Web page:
Teaching and Supporting Migrant Children in Our Schools: A Culturally Proficient Approach

Teaching and Supporting Migrant Children in Our Schools: A Culturally Proficient Approach

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General approaches to multiculturalism run the risk of overlooking an increasingly diverse student population that deserves special consideration and attention: students from immigrant backgrounds whose families toil the fields in order to provide better educational opportunities for their children. This book’s purpose is to guide educators to think deeply about their roles and responsibilities in the education of children of farmworker families in our nation’s schools. Readers will view their classrooms, schools, districts, and the migrant programs they lead in a broad and inclusive manner through the lens of cultural proficiency.

The initial steps when embracing cultural proficiency entails thinking reflectively about one’s own values and behaviors and the school’s policies and practices toward children of farmworker families. Cultivating a willingness, openness and commitment to meeting the challenges and opportunities of this often-invisible aspect of diversity is an important first step for the development of effective educational practices for migrant students and their families. The cultural proficiency framework can inform staff development models for working effectively with migrant students and their families.

Product Details

ISBN-13: 9781475821130
Publisher: Rowman & Littlefield Publishers, Inc.
Publication date: 09/14/2016
Sold by: Barnes & Noble
Format: NOOK Book
Pages: 174
File size: 5 MB

About the Author

Dr. Reyes L. Quezada is a professor in the Department of Learning and Teaching in the School of Leadership and Education Sciences where his research focus is in bilingual education, equity, cultural proficiency, parent involvement, international education, inclusion and diversity. Born in San Juan de Los Lagos, Jalisco, Mexico, he immigrated to the U.S at the age of seven. His father was a migrant farmworker who participated in the U.S. Bracero program (U.S. Guest Worker).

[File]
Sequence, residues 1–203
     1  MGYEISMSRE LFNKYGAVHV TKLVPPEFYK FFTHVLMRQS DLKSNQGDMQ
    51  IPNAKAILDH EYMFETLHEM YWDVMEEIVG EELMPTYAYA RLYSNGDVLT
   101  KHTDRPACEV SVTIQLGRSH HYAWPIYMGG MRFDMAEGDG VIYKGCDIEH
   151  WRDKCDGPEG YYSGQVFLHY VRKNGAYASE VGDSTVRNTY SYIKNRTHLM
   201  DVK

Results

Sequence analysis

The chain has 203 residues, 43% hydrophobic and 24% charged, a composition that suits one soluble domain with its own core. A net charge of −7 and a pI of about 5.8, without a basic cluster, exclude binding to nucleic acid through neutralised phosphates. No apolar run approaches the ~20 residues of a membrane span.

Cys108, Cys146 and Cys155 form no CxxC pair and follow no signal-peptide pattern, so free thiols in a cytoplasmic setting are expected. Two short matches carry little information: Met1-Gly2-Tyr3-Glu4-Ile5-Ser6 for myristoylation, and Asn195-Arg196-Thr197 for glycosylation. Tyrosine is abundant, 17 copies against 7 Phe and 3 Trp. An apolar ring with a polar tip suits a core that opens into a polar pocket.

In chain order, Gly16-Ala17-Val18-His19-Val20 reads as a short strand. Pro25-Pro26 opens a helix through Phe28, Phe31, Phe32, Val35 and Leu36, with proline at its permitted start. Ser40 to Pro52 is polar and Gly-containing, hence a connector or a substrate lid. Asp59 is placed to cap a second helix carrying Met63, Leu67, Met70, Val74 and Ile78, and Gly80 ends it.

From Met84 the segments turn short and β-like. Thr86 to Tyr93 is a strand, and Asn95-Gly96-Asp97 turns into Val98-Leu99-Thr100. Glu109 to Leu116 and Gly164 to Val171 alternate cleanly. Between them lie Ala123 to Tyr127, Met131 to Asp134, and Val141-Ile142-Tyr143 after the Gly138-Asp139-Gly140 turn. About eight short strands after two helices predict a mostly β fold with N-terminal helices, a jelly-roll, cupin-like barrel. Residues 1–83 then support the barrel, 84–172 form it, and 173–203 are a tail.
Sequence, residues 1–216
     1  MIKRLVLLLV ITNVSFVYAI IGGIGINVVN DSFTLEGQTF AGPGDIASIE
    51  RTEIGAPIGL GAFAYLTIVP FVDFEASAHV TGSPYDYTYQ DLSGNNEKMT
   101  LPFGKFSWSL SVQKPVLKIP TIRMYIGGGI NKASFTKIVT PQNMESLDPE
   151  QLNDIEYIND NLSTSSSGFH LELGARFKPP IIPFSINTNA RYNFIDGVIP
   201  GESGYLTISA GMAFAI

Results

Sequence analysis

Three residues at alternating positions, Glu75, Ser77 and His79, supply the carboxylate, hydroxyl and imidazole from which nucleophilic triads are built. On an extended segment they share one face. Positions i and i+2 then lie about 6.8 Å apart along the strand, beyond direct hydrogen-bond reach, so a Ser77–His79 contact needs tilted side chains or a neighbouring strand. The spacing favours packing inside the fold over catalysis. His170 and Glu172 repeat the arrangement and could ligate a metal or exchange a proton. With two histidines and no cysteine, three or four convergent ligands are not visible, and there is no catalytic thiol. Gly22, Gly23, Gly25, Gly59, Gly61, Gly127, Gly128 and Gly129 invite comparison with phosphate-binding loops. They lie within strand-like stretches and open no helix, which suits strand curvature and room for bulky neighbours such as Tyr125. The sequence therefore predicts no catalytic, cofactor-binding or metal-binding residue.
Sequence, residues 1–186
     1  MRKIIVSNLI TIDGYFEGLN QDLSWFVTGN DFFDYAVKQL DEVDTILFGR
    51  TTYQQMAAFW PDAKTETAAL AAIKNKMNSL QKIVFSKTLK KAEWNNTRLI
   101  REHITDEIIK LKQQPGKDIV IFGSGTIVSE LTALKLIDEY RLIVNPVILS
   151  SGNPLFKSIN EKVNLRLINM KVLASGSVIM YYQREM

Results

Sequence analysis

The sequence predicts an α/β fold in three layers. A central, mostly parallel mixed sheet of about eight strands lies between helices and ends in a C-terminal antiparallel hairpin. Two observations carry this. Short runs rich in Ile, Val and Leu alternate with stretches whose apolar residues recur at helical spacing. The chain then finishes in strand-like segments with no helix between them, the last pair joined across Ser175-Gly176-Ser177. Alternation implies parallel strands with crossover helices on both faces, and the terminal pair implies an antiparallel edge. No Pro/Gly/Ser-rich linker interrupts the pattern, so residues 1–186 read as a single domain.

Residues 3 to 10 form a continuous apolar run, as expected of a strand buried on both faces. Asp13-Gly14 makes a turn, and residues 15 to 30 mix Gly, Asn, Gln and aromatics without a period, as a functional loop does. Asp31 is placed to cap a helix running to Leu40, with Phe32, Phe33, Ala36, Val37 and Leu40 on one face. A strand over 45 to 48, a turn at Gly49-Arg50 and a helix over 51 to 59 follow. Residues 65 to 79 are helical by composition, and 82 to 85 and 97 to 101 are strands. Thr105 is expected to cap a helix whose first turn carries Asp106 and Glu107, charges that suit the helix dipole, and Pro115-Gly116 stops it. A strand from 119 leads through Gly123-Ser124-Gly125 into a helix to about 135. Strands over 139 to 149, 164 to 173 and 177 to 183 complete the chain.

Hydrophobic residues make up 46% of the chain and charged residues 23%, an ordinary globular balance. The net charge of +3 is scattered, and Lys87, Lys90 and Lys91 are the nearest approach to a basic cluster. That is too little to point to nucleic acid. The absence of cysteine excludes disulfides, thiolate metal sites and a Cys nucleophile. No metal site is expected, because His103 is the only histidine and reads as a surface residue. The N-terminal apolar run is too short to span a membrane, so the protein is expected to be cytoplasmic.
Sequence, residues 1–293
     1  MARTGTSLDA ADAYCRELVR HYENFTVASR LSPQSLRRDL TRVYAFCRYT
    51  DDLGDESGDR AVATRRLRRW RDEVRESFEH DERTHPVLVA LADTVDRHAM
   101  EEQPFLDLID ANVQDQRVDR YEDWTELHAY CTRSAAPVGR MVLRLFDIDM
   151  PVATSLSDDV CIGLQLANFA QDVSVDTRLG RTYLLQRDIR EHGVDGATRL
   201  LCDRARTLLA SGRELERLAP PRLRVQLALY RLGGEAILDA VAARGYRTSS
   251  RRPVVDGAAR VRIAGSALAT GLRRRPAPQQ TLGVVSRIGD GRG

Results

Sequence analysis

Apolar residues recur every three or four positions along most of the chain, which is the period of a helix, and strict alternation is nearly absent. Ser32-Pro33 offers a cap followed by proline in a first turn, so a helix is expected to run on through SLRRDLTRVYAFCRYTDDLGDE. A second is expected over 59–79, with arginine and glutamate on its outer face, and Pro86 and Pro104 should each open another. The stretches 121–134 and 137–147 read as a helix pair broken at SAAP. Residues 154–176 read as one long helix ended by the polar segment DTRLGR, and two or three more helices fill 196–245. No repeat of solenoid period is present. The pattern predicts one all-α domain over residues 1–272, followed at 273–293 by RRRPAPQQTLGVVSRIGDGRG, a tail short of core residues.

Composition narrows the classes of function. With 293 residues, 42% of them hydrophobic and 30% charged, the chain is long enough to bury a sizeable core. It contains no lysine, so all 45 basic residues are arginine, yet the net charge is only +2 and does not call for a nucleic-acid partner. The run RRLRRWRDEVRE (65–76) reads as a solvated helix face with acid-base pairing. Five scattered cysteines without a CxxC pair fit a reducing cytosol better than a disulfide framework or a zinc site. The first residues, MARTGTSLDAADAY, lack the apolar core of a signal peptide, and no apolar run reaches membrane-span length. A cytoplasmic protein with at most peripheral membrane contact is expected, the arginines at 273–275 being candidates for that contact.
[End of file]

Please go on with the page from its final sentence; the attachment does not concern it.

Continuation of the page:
Dr. Fernando Rodríguez-Valls is associate professor at California State University, Fullerton. He has created partnerships with school districts, local educational agencies and universities to develop and implement community-based [bi]literacy programs. Dr. Rodríguez-Valls’ work focuses on equitable instructional practices for second language learners and migrant students as well as on the socio-cultural factors affecting their academic achievement, educational continuity and school engagement.

Dr. Randall B. Lindsey is emeritus professor at California State University, Los Angeles. He has a practice centered on educational consulting and issues related to diversity. He has served as a teacher, administrator, and executive director of a non-profit corporation. He worked for seventeen years at California State University, Los Angeles in the Division of Administration and Counseling. He served as chair of the Division of Administration and Counseling and as director of the Regional Assistance Centers for Educational Equity, a regional race desegregation assistance center. He has co-authored several books and articles on cultural proficiency.

Table of Contents

Foreword: Roger Rossenthal


PART I: Tools to Support Use of this book
Chapter 1: The Context in Educating Children of Migrant Farmworkers
Chapter 2: The Tools of Cultural Proficiency for Educator Use
Chapter 3: Learning Communities + Culturally Proficient Leadership = Students from Migrant Families Being Well Served
Chapter 4: Educators’ Rubric for Inclusion and Support of Migrant Education Students, Families and Communities - Moving Beyond Rhetoric

PART II: Essential Elements
Chapter 5: Assessing Cultural Knowledge-From Self-Centered Learning to Socially Just Student- and Community-Asset LearningChapter 6: Valuing Diversity is Reflected in the Beliefs and Values You and Your School’s Hold and How You Share those Beliefs and Values with Your Community
Chapter 7: Managing the Dynamics of Difference to Make a Difference
Chapter 8: Adapting to the Diversity as a Team in the Schools and Communities We Serve
Chapter 9: Institutionalizing Cultural Knowledge—for You, Your School, and the Migrant Communities You Serve

PART III: Next Steps
Chapter 10: Professional Communities Learning Together to Improve Migrant Student’s Academic and Social Outcomes

Appendix: Resources in Support of Migrant Education


About the Authors


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